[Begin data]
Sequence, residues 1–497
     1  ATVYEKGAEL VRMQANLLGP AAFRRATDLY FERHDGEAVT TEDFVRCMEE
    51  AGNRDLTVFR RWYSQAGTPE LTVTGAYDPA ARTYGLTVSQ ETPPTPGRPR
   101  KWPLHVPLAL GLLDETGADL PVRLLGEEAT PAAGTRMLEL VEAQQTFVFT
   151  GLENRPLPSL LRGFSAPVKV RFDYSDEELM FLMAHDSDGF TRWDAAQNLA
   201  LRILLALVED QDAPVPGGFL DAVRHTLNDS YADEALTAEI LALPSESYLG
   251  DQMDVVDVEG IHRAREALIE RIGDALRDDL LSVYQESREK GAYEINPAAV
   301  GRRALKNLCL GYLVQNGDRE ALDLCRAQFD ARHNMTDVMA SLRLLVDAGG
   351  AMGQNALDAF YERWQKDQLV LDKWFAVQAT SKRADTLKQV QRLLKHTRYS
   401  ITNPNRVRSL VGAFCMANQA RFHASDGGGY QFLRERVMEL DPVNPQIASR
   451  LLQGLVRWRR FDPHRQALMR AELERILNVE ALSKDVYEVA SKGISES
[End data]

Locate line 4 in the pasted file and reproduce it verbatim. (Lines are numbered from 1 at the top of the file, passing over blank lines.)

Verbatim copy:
   101  KWPLHVPLAL GLLDETGADL PVRLLGEEAT PAAGTRMLEL VEAQQTFVFT